Analysis: The YouTube Tea Leaves: Stock Imagery, as a Business, is Not Sustainable
The recent analysis of YouTube’s earning potential by Credit Suisse (reported here and here) points to a big red blot of ink, YouTube is losing lots of money, remains totally subsidized by Google earnings, and might always be. In short only a handful of Google’s total pieces bring in much of the revenues. Here’s a short list. Credit Suisse analysts Spencer Wang and Kenneth Sena write of YouTube (which was purchased for $1.76 billion in stocks, money, whatever by Google which makes about $4.2 billion a year), “monetization remains challenging.”
What is found, similar to the rest of the entertainment market, is that well-produced and popular content brings in the money and is where all future growth lies. YouTube might have spent these past few years as a loss-leader to gain audience awareness by offering the video-sharing tools, but in truth they’re seeking to be a purveyor (like cable) of traditional content.
Todd Spangler of Multichannel News notes:
YouTube, which still derives most of its traffic from user-generated content, has been attempting to increase its lineup of professionally produced content. Earlier this week, for example, YouTube announced a deal with Disney-ABC Television Group and ESPN, which will provide content clips for dedicated channels on the video site.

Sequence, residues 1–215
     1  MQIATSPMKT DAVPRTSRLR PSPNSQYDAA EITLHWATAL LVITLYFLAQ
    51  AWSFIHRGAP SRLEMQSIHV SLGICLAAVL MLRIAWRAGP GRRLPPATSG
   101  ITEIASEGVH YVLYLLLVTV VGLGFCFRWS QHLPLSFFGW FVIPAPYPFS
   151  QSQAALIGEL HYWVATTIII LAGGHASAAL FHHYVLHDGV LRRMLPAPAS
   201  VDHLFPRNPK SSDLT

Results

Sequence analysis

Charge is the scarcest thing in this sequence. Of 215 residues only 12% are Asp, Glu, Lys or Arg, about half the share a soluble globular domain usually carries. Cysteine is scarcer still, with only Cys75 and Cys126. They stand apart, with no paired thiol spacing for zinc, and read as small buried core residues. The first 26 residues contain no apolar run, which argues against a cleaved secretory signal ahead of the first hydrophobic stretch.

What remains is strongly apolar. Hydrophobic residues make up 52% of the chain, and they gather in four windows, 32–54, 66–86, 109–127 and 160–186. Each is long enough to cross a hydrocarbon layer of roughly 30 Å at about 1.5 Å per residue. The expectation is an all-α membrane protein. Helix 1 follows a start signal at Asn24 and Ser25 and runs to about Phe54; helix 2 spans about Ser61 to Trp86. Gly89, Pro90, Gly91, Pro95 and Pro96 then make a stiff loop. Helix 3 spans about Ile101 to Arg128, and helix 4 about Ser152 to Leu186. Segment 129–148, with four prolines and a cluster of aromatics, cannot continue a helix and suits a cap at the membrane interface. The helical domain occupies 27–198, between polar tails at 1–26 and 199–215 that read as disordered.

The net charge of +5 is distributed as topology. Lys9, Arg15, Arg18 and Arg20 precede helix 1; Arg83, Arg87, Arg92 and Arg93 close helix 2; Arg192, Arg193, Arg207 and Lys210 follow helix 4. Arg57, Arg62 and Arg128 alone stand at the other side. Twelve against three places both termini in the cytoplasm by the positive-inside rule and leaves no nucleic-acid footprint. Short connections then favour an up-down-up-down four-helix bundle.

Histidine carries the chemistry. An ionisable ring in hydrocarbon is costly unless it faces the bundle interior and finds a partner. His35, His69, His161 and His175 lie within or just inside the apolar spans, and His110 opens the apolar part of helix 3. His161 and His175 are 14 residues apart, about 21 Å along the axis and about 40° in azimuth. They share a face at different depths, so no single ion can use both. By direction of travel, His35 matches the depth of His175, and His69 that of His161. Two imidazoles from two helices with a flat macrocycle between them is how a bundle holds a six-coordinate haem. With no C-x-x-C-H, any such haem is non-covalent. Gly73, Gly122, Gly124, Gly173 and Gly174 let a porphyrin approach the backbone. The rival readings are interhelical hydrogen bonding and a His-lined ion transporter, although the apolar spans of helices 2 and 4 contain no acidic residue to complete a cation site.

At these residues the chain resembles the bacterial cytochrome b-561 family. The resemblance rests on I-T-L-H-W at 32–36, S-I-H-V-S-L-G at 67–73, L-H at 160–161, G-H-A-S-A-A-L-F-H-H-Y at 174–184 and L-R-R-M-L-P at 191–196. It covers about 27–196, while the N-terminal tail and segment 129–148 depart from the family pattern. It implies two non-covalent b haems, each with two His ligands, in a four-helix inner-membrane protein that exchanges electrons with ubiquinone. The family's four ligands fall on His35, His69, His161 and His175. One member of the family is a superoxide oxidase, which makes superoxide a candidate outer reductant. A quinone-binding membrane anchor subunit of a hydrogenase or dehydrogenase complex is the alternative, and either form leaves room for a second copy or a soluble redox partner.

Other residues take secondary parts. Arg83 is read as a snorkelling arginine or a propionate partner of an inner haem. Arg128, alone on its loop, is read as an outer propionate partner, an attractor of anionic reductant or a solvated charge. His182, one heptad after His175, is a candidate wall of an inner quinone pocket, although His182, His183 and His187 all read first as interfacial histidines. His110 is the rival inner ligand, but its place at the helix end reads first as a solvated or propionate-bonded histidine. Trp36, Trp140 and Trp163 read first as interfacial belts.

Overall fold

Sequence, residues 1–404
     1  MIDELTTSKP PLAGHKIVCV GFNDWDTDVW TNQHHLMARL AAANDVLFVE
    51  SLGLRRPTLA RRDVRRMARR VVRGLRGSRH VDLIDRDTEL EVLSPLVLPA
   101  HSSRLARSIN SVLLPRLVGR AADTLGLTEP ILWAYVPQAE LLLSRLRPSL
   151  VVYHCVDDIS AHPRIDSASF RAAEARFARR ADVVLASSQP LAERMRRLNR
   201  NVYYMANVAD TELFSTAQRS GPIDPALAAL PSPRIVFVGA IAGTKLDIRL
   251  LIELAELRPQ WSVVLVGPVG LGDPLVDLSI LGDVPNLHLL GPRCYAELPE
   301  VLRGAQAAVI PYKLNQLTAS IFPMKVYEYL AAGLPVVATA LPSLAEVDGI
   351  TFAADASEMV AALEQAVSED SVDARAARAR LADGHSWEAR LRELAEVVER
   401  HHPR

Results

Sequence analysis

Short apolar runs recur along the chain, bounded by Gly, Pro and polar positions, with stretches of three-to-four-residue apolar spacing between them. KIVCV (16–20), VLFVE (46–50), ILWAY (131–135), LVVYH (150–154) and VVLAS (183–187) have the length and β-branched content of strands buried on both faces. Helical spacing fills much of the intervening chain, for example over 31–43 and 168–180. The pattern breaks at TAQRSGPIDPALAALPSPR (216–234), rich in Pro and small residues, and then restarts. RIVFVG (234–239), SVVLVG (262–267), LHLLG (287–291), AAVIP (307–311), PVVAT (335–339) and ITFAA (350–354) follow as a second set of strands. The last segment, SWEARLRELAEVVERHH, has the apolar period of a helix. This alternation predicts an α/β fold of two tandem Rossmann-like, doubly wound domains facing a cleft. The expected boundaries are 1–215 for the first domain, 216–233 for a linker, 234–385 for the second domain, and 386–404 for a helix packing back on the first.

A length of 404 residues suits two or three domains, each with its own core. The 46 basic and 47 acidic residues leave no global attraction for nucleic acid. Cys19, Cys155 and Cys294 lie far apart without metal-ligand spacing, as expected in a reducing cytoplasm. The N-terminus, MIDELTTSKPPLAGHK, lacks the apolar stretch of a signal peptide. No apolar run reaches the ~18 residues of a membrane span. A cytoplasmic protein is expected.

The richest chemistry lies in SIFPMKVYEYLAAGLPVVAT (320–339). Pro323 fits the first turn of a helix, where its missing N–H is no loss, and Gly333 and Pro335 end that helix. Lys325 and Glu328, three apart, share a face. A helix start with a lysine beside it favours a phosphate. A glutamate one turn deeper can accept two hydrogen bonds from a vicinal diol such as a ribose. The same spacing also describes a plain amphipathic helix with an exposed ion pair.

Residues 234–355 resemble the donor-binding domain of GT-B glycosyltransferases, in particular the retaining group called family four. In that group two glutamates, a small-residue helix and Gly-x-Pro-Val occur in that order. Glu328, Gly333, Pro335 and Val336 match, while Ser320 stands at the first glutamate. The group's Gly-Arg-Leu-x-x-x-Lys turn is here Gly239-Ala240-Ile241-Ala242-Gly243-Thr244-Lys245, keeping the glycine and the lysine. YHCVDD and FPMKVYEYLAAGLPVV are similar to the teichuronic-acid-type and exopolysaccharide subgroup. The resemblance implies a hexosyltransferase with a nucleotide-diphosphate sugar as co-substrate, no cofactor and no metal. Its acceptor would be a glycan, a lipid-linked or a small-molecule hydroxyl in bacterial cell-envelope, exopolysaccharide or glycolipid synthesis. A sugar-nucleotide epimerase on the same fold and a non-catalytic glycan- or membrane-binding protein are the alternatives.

So best-quality content IS the goal. And YouTube wants to be the distributor/vendor/purveyor of this top-quality content in competition with others such as Hulu or Tv.com.
What is learned? There is not enough money in crowd-sourced content to sustain a business, the revenues don’t cover the costs. They only way to sustain the model is to keep investments coming in OR shift gears and go all-pro.
What does this mean for Stock imagery? it means two things:
1. Structurally, the bottom will fall out of the crowd-sourced image model. There will be so many little pieces of revenues that cannot support substantive growth, which is what investors seek. The investors will cash in their chips (digital railroad?)
2. Culturally, the truth is coming out, professional, well-crafted content works to gain revenues, crowd-sourced stuff doesn’t.
Short consolidation time-line: The investment firm Hellman & Friedman purchased Getty. Getty then purchased Jupiter. Hellman & Friedman own a piece of everything (including 15% of the Nasdaq market, Doubleclick, Digitas, more…) so, similar to the Google-YouTube relationship, they can subsidize the Getty business into the near horizon, or at least until they figure out what to do with it if not fold it into another of their businesses).
In the meantime artists keep lowering their prices to compete with stock, but stock has no bottom as it doesn’t need to keep itself afloat. Dangerous waters to swim in!
The answer: raise your prices and point to the truth, crowd-sourced imagery will never gain the client the same long-term results as professional imagery. Yes, you cost more, but as the YouTube model proves, showing the best stuff is where the money is.